No doubt about it: Jimmy Page, given his role as composer, arranger, and producer, dominates this B-side by a group you’ve never heard of (i.e., recording career = exactly one 45). This song, I am now discovering, is virtually unknown to American fans of Page’s work, as it has mainly enjoyed release in the UK and Europe — first as a B-side, and later on compilation albums that showcase the daring and original music produced by UK’s renegade indie label, Immediate. Even now, when you search YouTube, the song barely registers: just one lonely audio clip, with a mere 1,707 listens to date.
Will you please tell us the song title already?! “Just Like Anyone Would Do” — the B-side to “Bells of Rhymney” on the one and only single ever released by Fifth Avenue:
Fifth Avenue “Just Like Anyone Would Do” 1965
From the flamenco-style guitar riff that propels the song, to the instrumental bridge with the majestic piano chording, to the ghostly backing vocals that linger after the rest of the mix has faded, there’s something fairly compelling about this song (ditto for another great Jimmy Page production from that same year that unfairly sank without a trace — Nico’s “I’m Not Sayin’“).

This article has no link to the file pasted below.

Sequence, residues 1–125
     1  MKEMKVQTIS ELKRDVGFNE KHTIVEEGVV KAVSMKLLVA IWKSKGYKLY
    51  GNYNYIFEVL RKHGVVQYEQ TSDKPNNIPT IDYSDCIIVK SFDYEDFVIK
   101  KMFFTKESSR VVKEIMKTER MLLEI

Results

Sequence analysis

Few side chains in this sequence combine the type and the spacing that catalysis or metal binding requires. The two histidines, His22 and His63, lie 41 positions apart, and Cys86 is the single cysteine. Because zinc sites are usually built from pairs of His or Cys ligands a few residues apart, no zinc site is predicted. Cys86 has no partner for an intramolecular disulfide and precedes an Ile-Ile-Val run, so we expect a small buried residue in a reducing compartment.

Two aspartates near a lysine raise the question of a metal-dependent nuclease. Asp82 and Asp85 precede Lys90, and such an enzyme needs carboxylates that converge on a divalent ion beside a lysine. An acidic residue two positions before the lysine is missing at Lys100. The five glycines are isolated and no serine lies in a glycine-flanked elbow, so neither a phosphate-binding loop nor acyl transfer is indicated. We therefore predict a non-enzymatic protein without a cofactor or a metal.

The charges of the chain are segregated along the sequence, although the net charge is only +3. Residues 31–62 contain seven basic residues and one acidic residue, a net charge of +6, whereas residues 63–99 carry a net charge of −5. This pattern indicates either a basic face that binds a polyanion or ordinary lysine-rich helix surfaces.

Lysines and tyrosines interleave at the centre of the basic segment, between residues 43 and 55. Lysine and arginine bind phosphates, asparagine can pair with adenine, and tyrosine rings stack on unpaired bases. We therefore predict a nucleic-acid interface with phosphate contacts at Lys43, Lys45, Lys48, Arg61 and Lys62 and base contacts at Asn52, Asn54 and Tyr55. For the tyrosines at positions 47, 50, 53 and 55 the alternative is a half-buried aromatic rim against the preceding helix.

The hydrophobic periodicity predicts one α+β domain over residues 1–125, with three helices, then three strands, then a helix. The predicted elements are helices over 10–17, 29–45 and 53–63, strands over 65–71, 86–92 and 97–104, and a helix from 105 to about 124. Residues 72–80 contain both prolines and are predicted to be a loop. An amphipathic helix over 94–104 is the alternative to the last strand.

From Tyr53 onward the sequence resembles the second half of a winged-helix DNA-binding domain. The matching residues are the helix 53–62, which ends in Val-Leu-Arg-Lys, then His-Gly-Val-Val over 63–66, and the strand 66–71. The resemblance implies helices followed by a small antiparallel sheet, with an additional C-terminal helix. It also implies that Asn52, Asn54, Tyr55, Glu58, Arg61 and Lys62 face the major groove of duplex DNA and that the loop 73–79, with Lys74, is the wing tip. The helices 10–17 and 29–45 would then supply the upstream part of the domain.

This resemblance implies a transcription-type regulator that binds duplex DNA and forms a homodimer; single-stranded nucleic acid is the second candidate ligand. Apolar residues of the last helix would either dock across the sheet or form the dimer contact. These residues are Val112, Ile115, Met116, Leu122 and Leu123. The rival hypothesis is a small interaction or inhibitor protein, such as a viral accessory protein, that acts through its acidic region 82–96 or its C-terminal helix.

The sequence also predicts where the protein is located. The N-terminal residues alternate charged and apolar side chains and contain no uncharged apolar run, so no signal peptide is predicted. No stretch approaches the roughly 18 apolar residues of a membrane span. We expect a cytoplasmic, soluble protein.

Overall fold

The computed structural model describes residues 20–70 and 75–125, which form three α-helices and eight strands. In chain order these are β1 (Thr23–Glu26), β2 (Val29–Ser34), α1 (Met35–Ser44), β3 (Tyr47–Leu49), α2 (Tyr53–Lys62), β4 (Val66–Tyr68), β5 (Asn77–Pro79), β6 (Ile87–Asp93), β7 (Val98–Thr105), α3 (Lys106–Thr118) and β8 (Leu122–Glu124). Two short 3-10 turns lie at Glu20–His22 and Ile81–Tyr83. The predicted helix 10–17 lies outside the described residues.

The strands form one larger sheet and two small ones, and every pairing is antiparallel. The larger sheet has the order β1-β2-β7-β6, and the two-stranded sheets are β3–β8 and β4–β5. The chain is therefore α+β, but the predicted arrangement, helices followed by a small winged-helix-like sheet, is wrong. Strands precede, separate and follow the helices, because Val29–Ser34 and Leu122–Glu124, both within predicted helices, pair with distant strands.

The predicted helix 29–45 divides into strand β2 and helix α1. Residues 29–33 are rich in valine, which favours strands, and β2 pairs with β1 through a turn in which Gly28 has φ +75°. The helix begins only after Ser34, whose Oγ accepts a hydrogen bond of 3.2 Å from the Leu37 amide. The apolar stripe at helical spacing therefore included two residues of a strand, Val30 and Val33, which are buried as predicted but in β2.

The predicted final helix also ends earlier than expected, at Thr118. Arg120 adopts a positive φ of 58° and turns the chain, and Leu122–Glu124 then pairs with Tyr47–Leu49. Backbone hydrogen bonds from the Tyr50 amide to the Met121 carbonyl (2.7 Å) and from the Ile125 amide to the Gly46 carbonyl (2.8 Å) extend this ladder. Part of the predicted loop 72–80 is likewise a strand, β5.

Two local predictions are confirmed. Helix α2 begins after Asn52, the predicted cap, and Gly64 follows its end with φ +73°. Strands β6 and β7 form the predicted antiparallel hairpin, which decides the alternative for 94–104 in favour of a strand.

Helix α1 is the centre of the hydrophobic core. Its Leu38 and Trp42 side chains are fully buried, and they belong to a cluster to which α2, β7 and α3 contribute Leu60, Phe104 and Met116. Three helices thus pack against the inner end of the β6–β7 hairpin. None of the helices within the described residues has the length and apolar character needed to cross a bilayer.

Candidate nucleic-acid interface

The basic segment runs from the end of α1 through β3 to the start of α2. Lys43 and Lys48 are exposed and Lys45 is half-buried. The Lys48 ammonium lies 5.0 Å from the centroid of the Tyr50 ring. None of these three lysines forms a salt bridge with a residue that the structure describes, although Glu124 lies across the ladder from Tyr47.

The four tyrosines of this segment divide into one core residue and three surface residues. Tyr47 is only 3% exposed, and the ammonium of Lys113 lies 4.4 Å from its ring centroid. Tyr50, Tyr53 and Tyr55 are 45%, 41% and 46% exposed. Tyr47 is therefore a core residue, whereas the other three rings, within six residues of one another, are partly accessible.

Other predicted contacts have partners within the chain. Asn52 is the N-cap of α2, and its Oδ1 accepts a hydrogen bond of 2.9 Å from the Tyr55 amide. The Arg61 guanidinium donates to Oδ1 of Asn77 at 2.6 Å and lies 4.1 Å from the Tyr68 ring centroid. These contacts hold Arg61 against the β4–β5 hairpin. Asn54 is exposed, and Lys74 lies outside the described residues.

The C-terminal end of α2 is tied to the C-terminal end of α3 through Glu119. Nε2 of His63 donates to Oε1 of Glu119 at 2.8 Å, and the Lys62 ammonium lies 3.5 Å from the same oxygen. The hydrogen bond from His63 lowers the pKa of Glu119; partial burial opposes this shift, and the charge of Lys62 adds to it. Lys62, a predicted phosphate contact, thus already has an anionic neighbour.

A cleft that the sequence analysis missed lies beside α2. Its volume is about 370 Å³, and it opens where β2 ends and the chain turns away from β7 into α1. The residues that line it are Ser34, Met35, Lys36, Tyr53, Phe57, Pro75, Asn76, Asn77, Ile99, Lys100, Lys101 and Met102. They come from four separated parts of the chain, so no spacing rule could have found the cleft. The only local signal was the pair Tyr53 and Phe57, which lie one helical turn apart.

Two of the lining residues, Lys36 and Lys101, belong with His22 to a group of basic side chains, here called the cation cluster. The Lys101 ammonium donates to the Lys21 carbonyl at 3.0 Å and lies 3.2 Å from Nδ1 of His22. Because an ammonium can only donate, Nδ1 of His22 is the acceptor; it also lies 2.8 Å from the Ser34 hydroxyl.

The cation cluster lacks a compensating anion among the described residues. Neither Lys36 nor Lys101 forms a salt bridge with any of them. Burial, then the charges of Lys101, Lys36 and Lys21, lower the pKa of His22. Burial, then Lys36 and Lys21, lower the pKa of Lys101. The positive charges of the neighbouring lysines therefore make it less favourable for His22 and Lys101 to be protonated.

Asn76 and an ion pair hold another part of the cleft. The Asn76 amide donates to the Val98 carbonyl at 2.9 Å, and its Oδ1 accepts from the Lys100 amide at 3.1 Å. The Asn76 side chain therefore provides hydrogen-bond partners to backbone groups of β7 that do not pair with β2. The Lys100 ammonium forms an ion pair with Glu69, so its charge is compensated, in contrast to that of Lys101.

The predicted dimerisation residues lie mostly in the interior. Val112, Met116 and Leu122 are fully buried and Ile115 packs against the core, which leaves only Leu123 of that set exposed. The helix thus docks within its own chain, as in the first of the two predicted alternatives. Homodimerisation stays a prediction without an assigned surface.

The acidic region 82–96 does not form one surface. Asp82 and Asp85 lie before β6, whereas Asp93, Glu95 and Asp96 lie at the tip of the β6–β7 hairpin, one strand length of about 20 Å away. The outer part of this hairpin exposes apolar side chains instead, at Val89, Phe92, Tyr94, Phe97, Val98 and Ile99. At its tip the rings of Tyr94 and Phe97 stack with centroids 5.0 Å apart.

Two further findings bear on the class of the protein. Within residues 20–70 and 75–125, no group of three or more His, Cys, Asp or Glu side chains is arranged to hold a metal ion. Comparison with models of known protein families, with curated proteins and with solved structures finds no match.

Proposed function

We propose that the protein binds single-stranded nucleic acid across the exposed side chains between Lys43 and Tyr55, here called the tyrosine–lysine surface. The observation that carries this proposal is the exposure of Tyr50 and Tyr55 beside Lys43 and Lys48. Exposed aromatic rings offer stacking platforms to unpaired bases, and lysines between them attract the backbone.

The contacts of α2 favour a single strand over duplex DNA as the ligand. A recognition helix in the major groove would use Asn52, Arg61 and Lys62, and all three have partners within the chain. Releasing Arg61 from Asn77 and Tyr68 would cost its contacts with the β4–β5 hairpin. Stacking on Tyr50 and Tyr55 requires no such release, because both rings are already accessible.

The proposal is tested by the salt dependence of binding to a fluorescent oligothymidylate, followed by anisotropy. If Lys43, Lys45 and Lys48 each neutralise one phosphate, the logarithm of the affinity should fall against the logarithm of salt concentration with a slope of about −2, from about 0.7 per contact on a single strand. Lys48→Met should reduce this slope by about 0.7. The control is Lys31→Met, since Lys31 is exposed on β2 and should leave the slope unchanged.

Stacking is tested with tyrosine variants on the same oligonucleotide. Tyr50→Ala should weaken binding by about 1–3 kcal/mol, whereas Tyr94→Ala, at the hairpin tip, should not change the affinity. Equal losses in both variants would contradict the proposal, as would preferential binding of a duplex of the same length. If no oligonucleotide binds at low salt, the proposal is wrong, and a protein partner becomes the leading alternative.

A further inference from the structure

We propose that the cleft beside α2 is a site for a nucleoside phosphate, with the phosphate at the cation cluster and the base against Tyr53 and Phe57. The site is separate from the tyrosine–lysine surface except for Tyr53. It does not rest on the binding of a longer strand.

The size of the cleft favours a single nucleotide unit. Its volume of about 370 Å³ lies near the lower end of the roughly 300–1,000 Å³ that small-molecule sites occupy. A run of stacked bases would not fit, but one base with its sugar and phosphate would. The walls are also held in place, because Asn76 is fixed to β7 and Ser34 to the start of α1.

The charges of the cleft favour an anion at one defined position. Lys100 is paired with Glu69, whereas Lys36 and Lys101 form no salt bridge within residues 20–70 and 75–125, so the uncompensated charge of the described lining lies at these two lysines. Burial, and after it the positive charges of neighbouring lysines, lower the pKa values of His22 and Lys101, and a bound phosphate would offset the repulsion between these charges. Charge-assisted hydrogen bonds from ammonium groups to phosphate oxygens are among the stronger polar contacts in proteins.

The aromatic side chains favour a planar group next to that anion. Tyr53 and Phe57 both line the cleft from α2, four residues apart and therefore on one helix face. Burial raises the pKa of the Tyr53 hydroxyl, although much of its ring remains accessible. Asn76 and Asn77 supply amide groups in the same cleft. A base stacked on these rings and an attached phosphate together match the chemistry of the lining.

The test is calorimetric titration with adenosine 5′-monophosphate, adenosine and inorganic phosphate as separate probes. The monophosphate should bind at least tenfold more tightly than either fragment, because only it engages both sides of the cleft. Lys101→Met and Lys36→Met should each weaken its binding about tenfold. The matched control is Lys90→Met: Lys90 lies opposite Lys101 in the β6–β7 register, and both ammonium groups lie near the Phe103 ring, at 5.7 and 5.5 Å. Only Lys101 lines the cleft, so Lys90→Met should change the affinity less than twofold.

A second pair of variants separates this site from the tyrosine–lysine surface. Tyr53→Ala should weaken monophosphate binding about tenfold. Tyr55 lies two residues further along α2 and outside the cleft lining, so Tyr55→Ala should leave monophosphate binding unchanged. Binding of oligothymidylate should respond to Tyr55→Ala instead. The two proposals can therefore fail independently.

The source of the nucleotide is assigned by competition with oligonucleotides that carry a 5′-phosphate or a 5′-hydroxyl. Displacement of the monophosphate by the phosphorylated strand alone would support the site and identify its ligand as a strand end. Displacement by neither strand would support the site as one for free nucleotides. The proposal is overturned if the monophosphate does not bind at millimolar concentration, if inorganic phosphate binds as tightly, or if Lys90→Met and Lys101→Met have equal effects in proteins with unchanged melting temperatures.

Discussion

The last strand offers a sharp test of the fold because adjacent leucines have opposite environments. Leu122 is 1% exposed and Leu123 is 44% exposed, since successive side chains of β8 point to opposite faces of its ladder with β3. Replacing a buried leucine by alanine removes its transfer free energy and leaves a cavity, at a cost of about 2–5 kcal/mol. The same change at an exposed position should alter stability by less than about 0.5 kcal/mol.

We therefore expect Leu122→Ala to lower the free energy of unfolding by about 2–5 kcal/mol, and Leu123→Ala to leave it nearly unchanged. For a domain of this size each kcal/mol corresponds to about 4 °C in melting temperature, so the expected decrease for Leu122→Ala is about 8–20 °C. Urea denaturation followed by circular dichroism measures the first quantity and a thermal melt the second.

I first encountered this haunting track on a double-album anthology of Immediate singles (with album sides devoted to “The Most Obvious”; “The Rarest of the Rare”; “Happy to Be a Part of the Industry of British Blues”; and “Jimmy Page Productions/Sessions”) that was released, oddly enough, by Nashville-based Compleat Records in 1985.
Six years prior, the Led Zeppelin fan club Manchester/UK had gathered this B-side and 29 other tracks for a double album compilation entitled, James Patrick Page — Session Man. In recent years, “Just Like Anyone Would Do” would be reissued on CD in 2000, both in the UK (here and also here) and Germany. 2007 would also find the song included on a European CD release, Your Time Is Gonna Come — The Roots of Led Zeppelin (1964-1968).
The track listing in 2000’s 6-CD box set, The Immediate Singles Collection, provides this sparse bit of text about Fifth Avenue’s sole contribution to popular music history:
45 originally released as Immediate IM 002 — 1965.
Line-up: Denver Gerrard (vcls, gtr), Kenny Rowe (vcls, bs).
Band origin: London.
The original Immediate 45 (which was the second single issued by the label, following “Hang On Sloopy” by The McCoys) does respectable business, according to Popsike, at auction.
Bonus Track! John Paul Jones’ First 45
Would you be startled to learn that John Paul Jones’s career as a solo artist goes as far back as 1964, with the release of his Andrew Loog Oldham-produced Pye 45 “Baja” (Lee Hazlewood‘s brilliant surf hit for The Astronauts) b/w “A Foggy Day in Vietnam“? Sounds like Jones is wielding a 6-string bass on this lush production.
“Baja” John Paul Jones 1964
In 2017, someone would pay $375 for a promo copy of Jones’s debut 45.